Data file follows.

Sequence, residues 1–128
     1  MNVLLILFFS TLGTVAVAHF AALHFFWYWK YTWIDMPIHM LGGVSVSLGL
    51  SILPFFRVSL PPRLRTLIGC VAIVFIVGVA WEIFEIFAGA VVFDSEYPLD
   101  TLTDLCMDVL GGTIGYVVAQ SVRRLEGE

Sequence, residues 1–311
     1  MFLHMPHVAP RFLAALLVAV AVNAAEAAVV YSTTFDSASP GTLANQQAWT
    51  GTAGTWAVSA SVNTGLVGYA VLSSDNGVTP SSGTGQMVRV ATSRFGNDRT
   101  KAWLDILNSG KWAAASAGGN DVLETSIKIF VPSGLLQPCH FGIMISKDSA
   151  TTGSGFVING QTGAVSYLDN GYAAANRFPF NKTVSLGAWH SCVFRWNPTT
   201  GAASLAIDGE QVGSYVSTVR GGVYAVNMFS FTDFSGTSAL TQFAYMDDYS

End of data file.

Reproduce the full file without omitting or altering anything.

Sequence, residues 1–128
     1  MNVLLILFFS TLGTVAVAHF AALHFFWYWK YTWIDMPIHM LGGVSVSLGL
    51  SILPFFRVSL PPRLRTLIGC VAIVFIVGVA WEIFEIFAGA VVFDSEYPLD
   101  TLTDLCMDVL GGTIGYVVAQ SVRRLEGE

Sequence, residues 1–311
     1  MFLHMPHVAP RFLAALLVAV AVNAAEAAVV YSTTFDSASP GTLANQQAWT
    51  GTAGTWAVSA SVNTGLVGYA VLSSDNGVTP SSGTGQMVRV ATSRFGNDRT
   101  KAWLDILNSG KWAAASAGGN DVLETSIKIF VPSGLLQPCH FGIMISKDSA
   151  TTGSGFVING QTGAVSYLDN GYAAANRFPF NKTVSLGAWH SCVFRWNPTT
   201  GAASLAIDGE QVGSYVSTVR GGVYAVNMFS FTDFSGTSAL TQFAYMDDYS